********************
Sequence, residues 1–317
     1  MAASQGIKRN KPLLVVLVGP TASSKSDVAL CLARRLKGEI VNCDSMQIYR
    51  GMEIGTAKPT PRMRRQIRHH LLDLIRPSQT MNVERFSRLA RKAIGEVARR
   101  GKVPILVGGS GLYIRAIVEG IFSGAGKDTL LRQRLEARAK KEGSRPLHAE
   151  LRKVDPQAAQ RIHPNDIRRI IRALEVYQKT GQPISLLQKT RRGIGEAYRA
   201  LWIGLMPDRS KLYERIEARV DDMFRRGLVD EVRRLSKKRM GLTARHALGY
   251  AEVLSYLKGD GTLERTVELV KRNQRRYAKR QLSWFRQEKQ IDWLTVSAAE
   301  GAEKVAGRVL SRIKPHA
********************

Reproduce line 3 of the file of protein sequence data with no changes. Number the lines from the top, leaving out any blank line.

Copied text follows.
    51  GMEIGTAKPT PRMRRQIRHH LLDLIRPSQT MNVERFSRLA RKAIGEVARR